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Our Investment Philosophy

“Knowledgeable and experienced financial advisors understand and accept the lessons of history.”    -John Meinert




Stick with Quality

Quality stocks represent ownership in businesses that have been around for quite a while, make products or offer services that are in growing demand, are well managed, and often pay dividends.  Quality bonds represent loans to business, government and municipalities that primarily have high credit ratings and a history of prudent financial management.

Spread the Risk

Asset allocation, and keeping that allocation in balance, historically represents over 90% of an investor’s success over time.1  Diversification among asset class, size, industry, sector, country, investment style, geography, credit rating, income sources and non-correlated strategies is critical to managing the risk of being an owner and lender in the global economy.

Think Long Term

Stock and bond markets can be quite unpredictable over short periods of time.  Over meaningful periods of time like 5 to 30+ years however, market and economic cycles favor the long-term investor in the global economy.  The more one approaches investing as a life-long and disciplined process, the more predictable the potential for positive outcomes become.2                       

Keep it Simpler

The more complicated you make it, the more likely it is to fall apart under stress.  That’s been said about a lot of things and is definitely true about money and investments.  We’ve learned that lesson more than once in recent times (2000-2010).  An objective-based allocation of stocks, bonds, cash, real estate and alternative investments - properly monitored & tactically re-balanced over meaningful periods of time is the most predictable method to pursue financial wealth and security for you and your family.  It’s not flashy, but historically it has been a sound approach.

Listen to Your “Coach”

We don’t like to admit this, but when it comes to our money we can get quite anxious and become quite susceptible to fear, greed and pride - the “Big 3” investment performance enemies.  It’s been academically proven again and again that a disciplined approach to investing delivers the potential for higher market returns.  You have a greater chance of sustainable and meaningful financial success working with an expert who knows you, who knows who and what you care about and who knows how to help you address your important financial goals.  The real difference is working with an Advisor!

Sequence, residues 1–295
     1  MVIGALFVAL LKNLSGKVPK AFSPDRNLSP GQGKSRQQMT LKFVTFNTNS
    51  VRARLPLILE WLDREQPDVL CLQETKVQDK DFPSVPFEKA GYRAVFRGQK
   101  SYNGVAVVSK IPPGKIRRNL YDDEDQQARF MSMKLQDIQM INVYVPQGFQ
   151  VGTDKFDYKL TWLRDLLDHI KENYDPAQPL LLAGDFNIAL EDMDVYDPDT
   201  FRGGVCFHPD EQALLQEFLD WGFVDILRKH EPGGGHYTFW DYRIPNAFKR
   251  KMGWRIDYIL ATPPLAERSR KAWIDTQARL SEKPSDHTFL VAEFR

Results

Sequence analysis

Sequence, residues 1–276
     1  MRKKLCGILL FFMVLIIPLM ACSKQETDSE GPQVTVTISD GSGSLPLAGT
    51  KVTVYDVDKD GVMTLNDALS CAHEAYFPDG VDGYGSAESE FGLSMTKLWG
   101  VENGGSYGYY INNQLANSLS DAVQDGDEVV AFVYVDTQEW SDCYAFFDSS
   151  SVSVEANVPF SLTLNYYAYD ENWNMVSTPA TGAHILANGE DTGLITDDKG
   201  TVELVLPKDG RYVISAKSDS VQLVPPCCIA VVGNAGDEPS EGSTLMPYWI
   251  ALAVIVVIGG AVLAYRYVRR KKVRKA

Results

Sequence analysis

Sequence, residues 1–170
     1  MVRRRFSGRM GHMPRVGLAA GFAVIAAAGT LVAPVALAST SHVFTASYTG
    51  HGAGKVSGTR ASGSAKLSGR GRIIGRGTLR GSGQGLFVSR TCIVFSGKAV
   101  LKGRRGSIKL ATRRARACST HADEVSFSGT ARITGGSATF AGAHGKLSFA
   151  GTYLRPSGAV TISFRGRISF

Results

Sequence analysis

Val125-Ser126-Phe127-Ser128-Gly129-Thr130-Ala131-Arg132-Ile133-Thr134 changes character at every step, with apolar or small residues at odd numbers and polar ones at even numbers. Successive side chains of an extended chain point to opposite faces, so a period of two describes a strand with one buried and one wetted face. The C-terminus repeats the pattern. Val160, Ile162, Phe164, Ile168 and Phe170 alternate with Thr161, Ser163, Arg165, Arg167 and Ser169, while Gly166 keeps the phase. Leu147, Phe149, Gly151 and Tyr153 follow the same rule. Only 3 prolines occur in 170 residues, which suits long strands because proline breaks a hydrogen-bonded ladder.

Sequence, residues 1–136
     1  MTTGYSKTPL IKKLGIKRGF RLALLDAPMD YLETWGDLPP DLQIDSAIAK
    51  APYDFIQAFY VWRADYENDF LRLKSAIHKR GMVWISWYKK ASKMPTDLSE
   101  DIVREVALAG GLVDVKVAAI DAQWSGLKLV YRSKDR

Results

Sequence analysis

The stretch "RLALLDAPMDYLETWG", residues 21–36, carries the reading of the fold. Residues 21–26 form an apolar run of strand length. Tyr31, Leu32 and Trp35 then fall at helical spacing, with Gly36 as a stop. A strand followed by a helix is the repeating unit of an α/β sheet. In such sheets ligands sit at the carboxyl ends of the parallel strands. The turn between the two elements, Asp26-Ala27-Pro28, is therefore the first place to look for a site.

The Advisory Relationship 

The fee-based Advisory relationship allows your Financial Advisor to provide objective and ongoing planning, analysis, advice, recommendations, implementation and review - while selecting, allocating, monitoring and rebalancing investment assets with fiduciary responsibility - thereby seeking to minimize transactional conflicts of interest and negative investor behavior and aiming to maximize investment process discipline and investor success potential.  


Is a time-tested investment approach right for you?  Let's find out!



Please note that asset allocation does not ensure a profit or protect against a loss in a generally declining market.  There is no guarantee that a diversified portfolio will enhance overall returns or outperform a non-diversified portfolio.  Diversification does not protect against market risk.  Stock investing involves risk including loss of principal.  Bonds are subject to market and interest rate risk if sold prior to maturity.  Bond values will decline as interest rates rise and bonds are subject to availability and change in price.  Alternative investments may not be suitable for all investors and should be considered as an investment for the risk capital portion of the investor's portfolio.  The strategies employed in the management of alternative investments may accelerate the velocity of potential losses.

1 Source: Brinson, Singer & Beebower’s study, “Determinants of Portfolio Performance II: An Update.”    2 Source: LPL Financial FactSet.  Based on S&P 500 monthly total returns for average annual rolling periods for 33 years (1977-2010).

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